Your uterus is the organ where a fetus develops. It’s a pear-shaped organ located behind your bladder and in front of the sigmoid colon. It’s connected to your ovaries by the fallopian tubes. The bottom part, the cervix, connects your uterus to your vagina.
When cells change and begin to grow abnormally in your uterus, it’s called uterine or endometrial cancer.
Uterine cancer is the most common gynecologic cancer in the US. The American Cancer Society estimates that more than 65,000 women are diagnosed each year. Because most uterine cancer is detected early, most women survive the disease.
There are two main types of uterine cancer.
Most uterine cancer starts in the inner lining of your uterus, called the endometrium. Endometrioid adenocarcinomas are the most common subtype. Uterine papillary serous carcinomas and clear cell sarcomas are less common and more aggressive than endometrioid carcinomas.
About 5% of uterine cancer starts in the muscle wall of your uterus. These are called uterine sarcomas. Common types of uterine sarcomas are leiomyosarcoma, adenosarcoma, endometrial stromal sarcoma, and undifferentiated sarcomas. Their behavior and treatment can differ from each other, based on their usual pattern of spread and risk of recurrence.
The most common form of uterine cancer is called endometrioid cancer. It can start when the hormone estrogen triggers cells in the inner lining (endometrium) to grow abnormally. Risk factors for uterine cancer are related to estrogen or to an inherited genetic disorder called Lynch syndrome.
Risks for uterine cancer include:
Fat cells produce estrogen that can stimulate the endometrium. In the US, more than twice the number of overweight women are diagnosed with uterine cancer than normal weight women.
Unopposed estrogen, sometimes given to postmenopausal women, increases the risk of uterine cancer. Giving this therapy with the hormone progesterone lowers risk substantially.
Early Menstruation, Late Menopause, Never Having Been Pregnant
Starting your period before you’re 12, entering menopause after age 55, or not having pregnancies increases your odds of getting uterine cancer.
Using Tamoxifen, a breast cancer treatment and prevention drug, can slightly increase your risk of getting uterine cancer. But the prevention benefit usually outweighs the risks.
Endometrial hyperplasia is a precancerous condition of the endometrium. There are several types of endometrial hyperplasia. Complex atypical endometrial hyperplasia has the highest risk of cancer. It’s usually treated with surgery or with the hormone progesterone.
This inherited genetic syndrome increases your risk of uterine and colon cancer, among others.
The most common sign of uterine cancer is abnormal vaginal bleeding—ranging from a watery and blood-streaked flow to vaginal discharge that contains more blood. For premenopausal women this could be heavy periods and prolonged bleeding. Any kind of bleeding during or after menopause is often a sign of a problem.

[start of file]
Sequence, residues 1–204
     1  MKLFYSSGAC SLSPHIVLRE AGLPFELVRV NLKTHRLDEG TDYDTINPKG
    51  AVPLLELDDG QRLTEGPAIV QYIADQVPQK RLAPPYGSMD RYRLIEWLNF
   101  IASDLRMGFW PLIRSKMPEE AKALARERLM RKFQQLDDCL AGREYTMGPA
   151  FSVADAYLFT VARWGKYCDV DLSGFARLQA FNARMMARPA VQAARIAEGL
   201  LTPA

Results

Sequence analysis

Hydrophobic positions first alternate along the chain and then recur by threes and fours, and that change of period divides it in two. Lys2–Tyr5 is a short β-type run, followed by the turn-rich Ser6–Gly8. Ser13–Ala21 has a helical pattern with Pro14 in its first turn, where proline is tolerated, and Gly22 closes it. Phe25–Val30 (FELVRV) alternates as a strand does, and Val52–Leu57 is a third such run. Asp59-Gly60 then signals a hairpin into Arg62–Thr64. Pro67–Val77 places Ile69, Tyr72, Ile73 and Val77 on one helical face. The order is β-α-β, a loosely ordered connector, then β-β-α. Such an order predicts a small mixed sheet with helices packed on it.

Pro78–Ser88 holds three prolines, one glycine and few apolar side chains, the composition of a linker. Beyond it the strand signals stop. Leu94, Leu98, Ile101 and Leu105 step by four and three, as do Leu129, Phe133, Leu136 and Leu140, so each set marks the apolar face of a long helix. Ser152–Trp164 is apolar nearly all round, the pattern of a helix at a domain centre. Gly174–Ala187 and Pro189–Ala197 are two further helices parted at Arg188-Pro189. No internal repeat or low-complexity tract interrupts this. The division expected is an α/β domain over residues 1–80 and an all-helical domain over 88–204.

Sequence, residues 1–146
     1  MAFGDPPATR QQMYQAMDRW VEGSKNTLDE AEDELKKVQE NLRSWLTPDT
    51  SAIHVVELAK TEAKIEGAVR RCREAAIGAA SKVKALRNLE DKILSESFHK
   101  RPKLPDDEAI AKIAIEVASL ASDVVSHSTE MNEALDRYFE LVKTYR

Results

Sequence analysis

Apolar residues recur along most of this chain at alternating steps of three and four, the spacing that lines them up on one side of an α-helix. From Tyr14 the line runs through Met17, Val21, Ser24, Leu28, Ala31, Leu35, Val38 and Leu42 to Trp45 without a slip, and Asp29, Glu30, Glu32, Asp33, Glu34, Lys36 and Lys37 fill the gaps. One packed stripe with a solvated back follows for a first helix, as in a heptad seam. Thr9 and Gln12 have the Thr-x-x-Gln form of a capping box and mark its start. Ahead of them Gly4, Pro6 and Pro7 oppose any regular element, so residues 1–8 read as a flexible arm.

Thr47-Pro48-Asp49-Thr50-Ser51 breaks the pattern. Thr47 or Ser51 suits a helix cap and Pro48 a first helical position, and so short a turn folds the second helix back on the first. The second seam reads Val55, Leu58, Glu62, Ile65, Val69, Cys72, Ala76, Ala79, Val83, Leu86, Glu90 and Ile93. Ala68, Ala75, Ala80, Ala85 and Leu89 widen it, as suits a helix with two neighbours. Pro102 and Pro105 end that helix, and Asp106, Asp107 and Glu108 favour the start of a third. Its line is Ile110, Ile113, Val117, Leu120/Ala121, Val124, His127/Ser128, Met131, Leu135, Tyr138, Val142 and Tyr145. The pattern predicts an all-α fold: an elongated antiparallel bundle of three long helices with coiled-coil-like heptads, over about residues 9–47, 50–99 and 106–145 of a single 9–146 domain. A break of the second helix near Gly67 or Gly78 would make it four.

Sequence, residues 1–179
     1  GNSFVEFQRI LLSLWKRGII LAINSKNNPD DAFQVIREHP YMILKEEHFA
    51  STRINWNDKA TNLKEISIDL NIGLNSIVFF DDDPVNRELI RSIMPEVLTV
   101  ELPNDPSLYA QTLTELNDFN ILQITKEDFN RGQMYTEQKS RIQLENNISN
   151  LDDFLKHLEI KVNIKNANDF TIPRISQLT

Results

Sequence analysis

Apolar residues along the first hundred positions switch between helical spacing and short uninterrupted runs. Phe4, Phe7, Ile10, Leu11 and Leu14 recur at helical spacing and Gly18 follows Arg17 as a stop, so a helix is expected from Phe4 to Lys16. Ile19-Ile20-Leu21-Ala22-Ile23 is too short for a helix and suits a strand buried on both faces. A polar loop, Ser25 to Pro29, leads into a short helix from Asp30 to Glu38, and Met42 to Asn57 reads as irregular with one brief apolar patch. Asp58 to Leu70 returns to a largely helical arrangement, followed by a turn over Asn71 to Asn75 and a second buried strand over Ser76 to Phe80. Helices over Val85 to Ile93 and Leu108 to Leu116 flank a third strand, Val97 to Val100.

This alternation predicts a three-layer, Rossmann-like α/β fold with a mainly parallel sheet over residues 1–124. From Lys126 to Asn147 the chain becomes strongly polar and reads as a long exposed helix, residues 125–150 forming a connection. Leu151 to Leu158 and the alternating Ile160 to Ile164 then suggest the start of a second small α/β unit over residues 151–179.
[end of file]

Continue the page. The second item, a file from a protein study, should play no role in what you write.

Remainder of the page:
Other symptoms can be abnormal Pap test results and pelvic pain.
Most uterine cancer is detected early when it’s very likely to be cured. It’s usually diagnosed with a uterine biopsy. In this test, your doctor will take a small tissue sample from the inside of your uterus. Your doctor can often do this test in their office with little discomfort to you.
In some scenarios in which office biopsy isn’t possible or is not sufficient, you might have an outpatient procedure called a dilation and curettage (D&C) with or without hysteroscopy. This procedure happens in an operating room with you under sedation or anesthesia. Your doctor will use a small tool to dilate (open) your cervix—the lower part of your uterus. Then they’ll use a metal curette tool to sample the endometrial tissue. They may also take a look inside your uterus with a small camera, called hysteroscopy.
Your doctor will send tissue samples to a pathologist, who will look for abnormalities.
If tests indicate you have uterine cancer, they will refer you to a gynecologic oncologist. This doctor is specially trained in gynecologic cancers.
Your gynecologic oncologist may recommend tests that show how far the tumor has grown and spread into your body.
- A CT (computed tomography) scan of your abdomen and pelvis, which converts data from different angles of X-ray images of your body into pictures on a monitor.
- An MRI (magnetic resonance imaging) test, which uses powerful magnetic fields to create a 3D picture of your lower abdomen and pelvis to detect tumors.
- A pelvic ultrasound, which uses sound waves to form images of the body.
Cancer stages indicate whether cancer is confined to its site of origin or has spread into nearby tissues or further into your body. Your cancer’s stage, among other things, will determine your course of treatment.
- IA. Tumor confined to the uterus with less than 50% myometrial invasion
- IB. Tumor confined to the uterus with greater than 50% myometrial invasion
- II. Cervical stromal invasion, but not beyond uterus
- IIIA. Tumor invades serosa or adnexa
- IIIB. Vaginal and/or parametrial involvement
- IIIC1. Pelvic lymph node involvement
- IIIC2. Para-aortic lymph node involvement
- IVA. Tumor invasion of bladder and/or bowel mucosa
- IVB. Distant metastases, including abdominal metastases and/or inguinal lymph node